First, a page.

The Reunion

Act 5 Scene 1 – Key Scene

In this scene, all the main characters come together and all the twins are seen together in the same space for the first time. It is an important moment for many reasons. Egeon is being led to his execution. Antipholus and Dromio of Ephesus have escaped from being tied up and imprisoned in their own home. Antipholus and Dromio of Syracuse have taken refuge in the priory. Antipholus of Ephesus sees his father for the first time since he was a small child. Emilia reveals her identity and everyone is reunited. The scene provides the climax of the play.

Take a look at an extract from this scene and watch it in performance here. Using the following steps, remember to look at it line by line and if you’re looking at the scene for the first time don’t worry if you don’t understand everything at once.

  • Look
    Take a look at the scene. Who has the most lines? Are they using prose or verse? Actors at the RSC often put the language into their own words to help them understand what they are saying. We’ve added some definitions (in green), questions (in red) and paraphrased some sections (in blue) to help with this. You can click on the text that is highlighted for extra guidance.
    Enter the Abbess Emilia, with Antipholus and Dromio of Syracuse
    Most mighty Duke, behold a man much wronged.
    I see two husbands, or mine eyes deceive me.
    One of these men is Genius to the other;
    And so of these, which is the natural man
    And which the spirit? Who deciphers them?

    Attendant spirit, thought to accompany a man on his life’s journey


    Dromio of Syracuse
    I, sir, am Dromio; command him away.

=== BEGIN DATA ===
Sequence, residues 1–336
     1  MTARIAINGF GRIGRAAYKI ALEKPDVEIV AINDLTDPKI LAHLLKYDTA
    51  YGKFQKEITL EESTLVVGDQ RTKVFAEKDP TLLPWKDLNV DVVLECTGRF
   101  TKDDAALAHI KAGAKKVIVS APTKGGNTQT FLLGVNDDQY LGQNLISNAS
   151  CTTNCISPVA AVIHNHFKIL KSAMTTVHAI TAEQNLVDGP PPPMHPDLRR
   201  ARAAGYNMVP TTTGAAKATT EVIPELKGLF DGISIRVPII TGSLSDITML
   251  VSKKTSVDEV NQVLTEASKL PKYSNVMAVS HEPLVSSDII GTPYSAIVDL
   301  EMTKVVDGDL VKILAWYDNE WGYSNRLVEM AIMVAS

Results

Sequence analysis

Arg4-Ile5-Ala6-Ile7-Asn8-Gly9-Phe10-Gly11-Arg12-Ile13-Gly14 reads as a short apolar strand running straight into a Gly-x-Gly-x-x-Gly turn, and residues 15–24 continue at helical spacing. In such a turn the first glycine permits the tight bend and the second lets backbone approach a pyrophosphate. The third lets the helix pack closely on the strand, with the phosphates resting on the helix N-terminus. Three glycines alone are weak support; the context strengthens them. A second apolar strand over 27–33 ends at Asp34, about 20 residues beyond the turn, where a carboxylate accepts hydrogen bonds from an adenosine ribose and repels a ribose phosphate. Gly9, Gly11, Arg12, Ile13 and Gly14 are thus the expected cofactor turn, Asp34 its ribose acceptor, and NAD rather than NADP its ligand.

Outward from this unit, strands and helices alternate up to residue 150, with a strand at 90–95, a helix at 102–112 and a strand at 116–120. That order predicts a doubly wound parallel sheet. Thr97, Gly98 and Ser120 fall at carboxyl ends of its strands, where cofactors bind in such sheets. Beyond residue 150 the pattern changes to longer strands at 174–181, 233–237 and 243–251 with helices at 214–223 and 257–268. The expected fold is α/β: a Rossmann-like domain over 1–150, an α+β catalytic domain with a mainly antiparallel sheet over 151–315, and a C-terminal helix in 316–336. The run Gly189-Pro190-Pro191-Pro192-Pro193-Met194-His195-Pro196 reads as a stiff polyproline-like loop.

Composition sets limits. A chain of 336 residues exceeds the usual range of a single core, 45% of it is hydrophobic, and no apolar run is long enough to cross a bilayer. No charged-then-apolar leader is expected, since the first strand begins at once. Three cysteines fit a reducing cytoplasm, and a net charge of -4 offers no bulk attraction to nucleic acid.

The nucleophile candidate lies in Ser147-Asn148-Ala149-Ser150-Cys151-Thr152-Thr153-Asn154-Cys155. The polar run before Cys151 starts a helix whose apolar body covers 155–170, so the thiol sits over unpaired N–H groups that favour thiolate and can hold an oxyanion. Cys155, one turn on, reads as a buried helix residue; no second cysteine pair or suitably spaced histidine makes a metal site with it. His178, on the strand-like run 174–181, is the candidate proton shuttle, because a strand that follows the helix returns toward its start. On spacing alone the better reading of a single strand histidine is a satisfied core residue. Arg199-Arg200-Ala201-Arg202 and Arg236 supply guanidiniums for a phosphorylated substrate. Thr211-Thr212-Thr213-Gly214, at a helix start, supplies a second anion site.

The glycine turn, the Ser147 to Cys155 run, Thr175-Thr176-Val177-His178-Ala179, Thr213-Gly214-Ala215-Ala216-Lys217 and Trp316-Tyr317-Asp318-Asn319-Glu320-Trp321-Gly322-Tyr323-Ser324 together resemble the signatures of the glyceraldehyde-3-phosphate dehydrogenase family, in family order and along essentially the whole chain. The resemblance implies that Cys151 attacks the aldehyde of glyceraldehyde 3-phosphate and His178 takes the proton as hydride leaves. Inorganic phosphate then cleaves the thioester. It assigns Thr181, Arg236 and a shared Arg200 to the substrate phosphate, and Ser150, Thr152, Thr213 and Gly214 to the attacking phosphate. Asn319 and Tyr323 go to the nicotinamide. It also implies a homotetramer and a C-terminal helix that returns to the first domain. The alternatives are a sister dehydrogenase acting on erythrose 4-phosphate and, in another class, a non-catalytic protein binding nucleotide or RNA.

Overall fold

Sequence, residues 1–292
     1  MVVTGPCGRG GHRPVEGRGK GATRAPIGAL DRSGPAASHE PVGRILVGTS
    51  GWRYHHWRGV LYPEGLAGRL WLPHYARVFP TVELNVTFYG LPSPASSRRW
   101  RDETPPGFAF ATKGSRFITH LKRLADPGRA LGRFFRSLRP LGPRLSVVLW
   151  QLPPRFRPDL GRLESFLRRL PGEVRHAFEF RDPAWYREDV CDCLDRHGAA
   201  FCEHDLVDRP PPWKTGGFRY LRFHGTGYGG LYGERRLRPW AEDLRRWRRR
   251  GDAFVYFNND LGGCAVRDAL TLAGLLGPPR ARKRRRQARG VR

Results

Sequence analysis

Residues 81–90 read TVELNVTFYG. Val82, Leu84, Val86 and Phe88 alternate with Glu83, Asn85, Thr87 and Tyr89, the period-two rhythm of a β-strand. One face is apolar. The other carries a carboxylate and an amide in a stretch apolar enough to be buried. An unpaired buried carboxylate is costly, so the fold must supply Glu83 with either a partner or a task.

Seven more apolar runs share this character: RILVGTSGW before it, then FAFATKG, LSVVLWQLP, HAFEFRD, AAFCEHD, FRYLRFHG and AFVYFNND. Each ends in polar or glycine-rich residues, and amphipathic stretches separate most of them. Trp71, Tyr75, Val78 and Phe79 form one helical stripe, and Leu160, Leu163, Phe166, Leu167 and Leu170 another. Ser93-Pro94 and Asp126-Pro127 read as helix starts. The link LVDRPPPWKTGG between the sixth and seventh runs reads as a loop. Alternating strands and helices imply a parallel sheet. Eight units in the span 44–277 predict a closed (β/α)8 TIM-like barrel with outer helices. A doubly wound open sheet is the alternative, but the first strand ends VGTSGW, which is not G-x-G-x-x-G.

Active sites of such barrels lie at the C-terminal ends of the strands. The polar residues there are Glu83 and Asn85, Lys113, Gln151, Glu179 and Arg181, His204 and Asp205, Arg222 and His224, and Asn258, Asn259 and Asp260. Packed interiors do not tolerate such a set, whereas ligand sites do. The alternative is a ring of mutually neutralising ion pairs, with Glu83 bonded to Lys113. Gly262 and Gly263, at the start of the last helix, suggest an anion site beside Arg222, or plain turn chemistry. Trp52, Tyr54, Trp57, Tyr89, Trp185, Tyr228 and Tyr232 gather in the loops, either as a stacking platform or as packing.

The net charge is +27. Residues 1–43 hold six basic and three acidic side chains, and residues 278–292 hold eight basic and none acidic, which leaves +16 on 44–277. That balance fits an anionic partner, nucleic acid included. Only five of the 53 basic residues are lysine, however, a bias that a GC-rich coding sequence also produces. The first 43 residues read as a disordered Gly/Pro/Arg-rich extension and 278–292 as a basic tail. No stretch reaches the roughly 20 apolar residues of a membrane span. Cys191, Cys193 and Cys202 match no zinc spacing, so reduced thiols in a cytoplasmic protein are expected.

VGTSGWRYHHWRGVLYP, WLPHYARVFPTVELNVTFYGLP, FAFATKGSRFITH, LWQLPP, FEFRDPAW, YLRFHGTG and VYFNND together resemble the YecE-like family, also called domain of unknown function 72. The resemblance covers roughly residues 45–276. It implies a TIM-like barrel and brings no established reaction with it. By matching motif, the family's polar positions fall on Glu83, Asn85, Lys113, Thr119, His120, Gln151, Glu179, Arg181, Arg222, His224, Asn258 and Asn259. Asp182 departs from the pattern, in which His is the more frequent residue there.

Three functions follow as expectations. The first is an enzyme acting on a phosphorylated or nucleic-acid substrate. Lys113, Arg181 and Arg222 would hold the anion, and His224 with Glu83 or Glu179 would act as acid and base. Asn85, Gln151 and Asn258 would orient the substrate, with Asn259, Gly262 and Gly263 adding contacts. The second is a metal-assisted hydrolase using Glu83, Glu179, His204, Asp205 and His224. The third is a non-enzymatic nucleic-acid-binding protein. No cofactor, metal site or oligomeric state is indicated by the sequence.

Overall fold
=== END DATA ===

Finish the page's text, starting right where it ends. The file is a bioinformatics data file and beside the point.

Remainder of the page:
Dromio of Ephesus
    I, sir, am Dromio; pray let me stay.
    Antipholus of Syracuse
    Egeon art thou not? Or else his ghost.
    Dromio of Syracuse
    O, my old master! — Who hath bound him here?
    Whoever bound him, I will loose his bonds,
    And gain a husband by his liberty. —
    Speak, old Egeon, if thou be’st the man
    That hadst a wife once called Emilia
    That bore thee at a burden two fair sons.
    O, if thou be’st the same Egeon, speak,
    And speak unto the same Emilia.

    Gave birth to, painfully

    Why, here begins his morning story right:
    These two Antipholus’, these two so like,
    And these two Dromios, one in semblance —
    Besides her urging of her wreck at sea —
    These are the parents to these children,
    Which accidentally are met together.

    The story he told me this morning is starting to make sense.

    Why do you think Shakespeare decided to reveal everyone all at once? Do you think it works and how does he avoid it becoming too complicated?

    Focusing on

    If I dream not, thou art Emilia.
    If thou art she, tell me where is that son
    That floated with thee on the fatal raft?
    By men of Epidamium, he and I
    And the twin Dromio, all were taken up;
    But by and by, rude fishermen of Corinth
    By force took Dromio and my son from them,
    And me they left with those of Epidamium.
    What then became of them, I cannot tell;
    I, to this fortune that you see me in.


    You can see what became of me.

    To Antipholus of Syracuse
    Antipholus, thou cam’st from Corinth first.
    Antipholus of Syracuse
    No, sir, not I; I came from Syracuse.

    Some of the characters in this scene speak a lot less than others. Why might this be? What can we read from their silence?

    Stay, stand apart; I know not which is which.
  • Listen
    Read the scene aloud, and think about the different ways you might read this scene. How would you keep the different characters clear to the audience, and how emotional would you make these reunions? Are there any words or lines that really stand out?
  • Watch
    Take a look at the actors performing this scene. How do the characters come across in this version? Is it how you imagined the scene when you were reading it?
  • Imagine
    Explore some images from past versions of The Comedy of Errors at the RSC. Which sets and staging choices for the scene feel right to you?